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Back to School with Poet Yanyi

Back to School with Poet Yanyi

Author: Sue Landers

August 27, 2020

As we enter back-to-school season, we wanted to share a look inside Lambda’s LGBTQ Writers in Schools Program, which brings LGBTQ authors into classrooms to read and discuss their work.

LGBTQ youth are twice as likely as non-LGBTQ youth to experience bias at school, but in schools that offer LGBTQ-inclusive programs, queer and trans youth are more likely to experience acceptance. Lambda’s LGBTQ Writers in Schools Program provides critically necessary, safe spaces for youth to talk about books, queer life, and how to thrive as a LGBTQ person. As one of the NYC public school teacher, Shelley Cunningham, put it: “LGBTQ books save lives. They give LGBTQ youth a sense of belonging and teach those who are not LGBTQ how to support those who are.”

Last year, we brought dozens of contemporary LGBTQ authors into schools both in person and virtually to meet with students. One of those authors, the award winning poet Yanyi, shared his thoughts with Lambda’s Executive Director, Sue Landers, on his experience sharing his work with students.

What delighted or surprised you about your visits to schools?

Oh, I was surprised and delighted by everything. I expected to be addressing one period of one class, do a quiet Q&A, and then be shuffled off. The teachers and librarians I worked with this year went far and beyond this expectation: my visit was an event at every school I attended.

David Whitman, the teacher at University Neighborhood High School, had taught my book to every single period of his English class—students were given permission to leave other classes just to attend and filled the entire library. When I arrived, there was a microphone setup and a projection of my book behind me, and free copies of the book atop a trans pride flag.

I was flabbergasted. After my initial presentation, students started lining up and read out their responses to my work through their own poetry or art. Some of the students had gone through the trouble to purchase and wrap a gift for me: a box of Cheerios, which feature prominently in one of the poems of my book. Quite a few of us were crying. The connection was real.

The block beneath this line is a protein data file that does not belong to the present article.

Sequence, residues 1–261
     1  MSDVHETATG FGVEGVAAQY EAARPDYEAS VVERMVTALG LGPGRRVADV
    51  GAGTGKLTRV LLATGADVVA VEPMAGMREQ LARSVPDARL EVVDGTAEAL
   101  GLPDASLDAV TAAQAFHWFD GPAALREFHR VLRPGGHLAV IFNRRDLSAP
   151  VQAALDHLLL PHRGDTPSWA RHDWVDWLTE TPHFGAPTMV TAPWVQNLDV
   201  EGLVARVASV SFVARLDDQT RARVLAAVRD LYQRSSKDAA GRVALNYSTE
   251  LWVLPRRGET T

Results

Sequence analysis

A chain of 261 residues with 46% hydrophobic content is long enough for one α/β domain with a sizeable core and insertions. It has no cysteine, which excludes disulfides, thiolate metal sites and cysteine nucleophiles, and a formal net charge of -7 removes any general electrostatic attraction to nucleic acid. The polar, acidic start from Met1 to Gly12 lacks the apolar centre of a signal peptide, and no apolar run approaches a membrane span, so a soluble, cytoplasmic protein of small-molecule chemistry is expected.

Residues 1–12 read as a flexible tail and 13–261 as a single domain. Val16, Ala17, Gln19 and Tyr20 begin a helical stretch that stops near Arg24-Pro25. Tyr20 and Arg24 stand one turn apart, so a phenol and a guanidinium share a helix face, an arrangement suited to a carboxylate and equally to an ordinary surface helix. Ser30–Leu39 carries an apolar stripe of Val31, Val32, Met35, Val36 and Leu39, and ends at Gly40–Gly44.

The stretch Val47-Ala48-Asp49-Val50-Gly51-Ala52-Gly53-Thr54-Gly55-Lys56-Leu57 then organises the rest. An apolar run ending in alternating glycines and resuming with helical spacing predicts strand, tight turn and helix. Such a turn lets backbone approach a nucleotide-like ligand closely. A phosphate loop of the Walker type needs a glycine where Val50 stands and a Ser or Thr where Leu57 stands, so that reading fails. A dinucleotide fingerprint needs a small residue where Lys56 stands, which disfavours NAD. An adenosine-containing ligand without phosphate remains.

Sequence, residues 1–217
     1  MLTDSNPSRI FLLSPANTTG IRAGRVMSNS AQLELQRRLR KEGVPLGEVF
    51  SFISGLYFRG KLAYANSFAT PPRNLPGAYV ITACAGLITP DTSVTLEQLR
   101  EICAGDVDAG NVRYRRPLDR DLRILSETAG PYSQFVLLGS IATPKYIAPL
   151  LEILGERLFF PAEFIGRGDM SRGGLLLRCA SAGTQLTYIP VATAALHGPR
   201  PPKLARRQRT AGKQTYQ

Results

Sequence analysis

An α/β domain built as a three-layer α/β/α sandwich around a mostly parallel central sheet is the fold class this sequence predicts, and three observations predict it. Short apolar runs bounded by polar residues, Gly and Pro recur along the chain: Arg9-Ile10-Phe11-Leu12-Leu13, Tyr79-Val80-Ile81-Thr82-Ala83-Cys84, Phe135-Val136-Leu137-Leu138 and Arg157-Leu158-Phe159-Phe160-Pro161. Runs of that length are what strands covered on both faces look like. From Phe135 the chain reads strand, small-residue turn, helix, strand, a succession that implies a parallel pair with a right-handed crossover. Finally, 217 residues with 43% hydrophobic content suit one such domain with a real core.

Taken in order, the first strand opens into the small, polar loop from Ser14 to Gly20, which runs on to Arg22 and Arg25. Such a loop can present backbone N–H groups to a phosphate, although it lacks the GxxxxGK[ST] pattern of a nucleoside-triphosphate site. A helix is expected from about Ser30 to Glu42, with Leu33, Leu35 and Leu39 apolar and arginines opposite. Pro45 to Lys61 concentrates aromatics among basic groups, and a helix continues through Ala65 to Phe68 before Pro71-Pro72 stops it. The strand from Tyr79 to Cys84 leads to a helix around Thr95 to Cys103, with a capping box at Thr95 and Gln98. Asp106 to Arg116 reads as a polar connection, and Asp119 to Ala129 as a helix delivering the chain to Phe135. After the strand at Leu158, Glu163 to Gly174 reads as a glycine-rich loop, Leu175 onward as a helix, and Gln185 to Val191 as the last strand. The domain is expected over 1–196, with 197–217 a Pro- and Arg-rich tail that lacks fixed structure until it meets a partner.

There’s a educational concept known as “mirrors and windows,” which says that kids need stories that reflect their own experience as well as the experiences of others. Can you tell us how this is especially necessary for LGBTQ youth?

I co-founded a queer-straight alliance when I was in high school over a decade ago. I don’t remember knowing any adults who were queer or who could had shared, in particular, my experience as a Chinese American queer person. I do remember the assistant principal censoring a poem with a gay kiss in our literary magazine, other kids pulling down and ripping up our posters about LGBTQ bullying, and fighting for my rights anyway while in the closet at home.

I don’t write about those experiences in The Year of Blue Water, but they are implicit in the internalized transphobia and homophobia I work through in the book. They are implicit in the abuse I accepted further down the line in my life. Those fears showed up as a fear of myself, the belief that I was, deep-down, a truly horrible person. This book is written in the midst of that winding path of learning how to understand and cherish myself despite all that.

What role do you think poetry, in particular, plays in young queer people’s lives?

Most of our lives, we act based on fear or routine. Literature gives us another reason. Literature gives us access to each other. That’s the point of it, really. As a mentor of mine recently told me, the literature is incidental. Literature gets us love.

What, if any, LGBTQ books influenced you as a young person?

There’s a period of blurred-together summers in middle school and early on in high school when I swept through the young adult section of my town’s public library (the ceilings, still, are so high in my memory!). I honestly can’t say I remember most of them—probably because there weren’t that many available—and a short search for YA queer novels bring up lots of more recent titles, a wonderful problem. What I do remember is how voracious I was for it. I lurked on AfterEllen and followed the early days of Autostraddle. Somehow, my teenage self found and secretly watched the whole lesbian filmography up until then (the early 2000s) and stayed up late watching compiled clips of lesbian storylines from soap operas from around the world. The internet, with its message boards and blogs, made being in the closet a lot more bearable. Now, people have Lex and Instagram. I can’t even imagine.

What 5 books do you think LGBTQ young people should read?

The list always changes, but for now: The Price of Salt by Patricia Highsmith, Giovanni’s Room by James Baldwin, Parable of the Sower by Octavia Butler, The Argonauts by Maggie Nelson, and All About Love by bell hooks.

What’s next for you?

I’m writing advice on creative writing and life on my Substack, The Reading, where I’m always accepting letters. And the rest: finalizing the draft for my next book, Dream of the Divided Field, a slowly-rising stack of new love poems, and a long lyric essay about art, growing up, and the metaphor of New York.


Photo of poet Yanyi holding a box of Cheerios
About Yanyi

Yanyi is the author of Dream of the Divided Field, forthcoming from One World Random House, and The Year of Blue Water (Yale ’19), selected by Carl Phillips for the 2018 Yales Series of Younger Poets Prize and a finalist for the 2020 Lambda Literary Award for Transgender Poetry. Yanyi edits at Foundry and gives creative advice at The Reading.

Read Yanyi’s advice on being out in one’s writing here.

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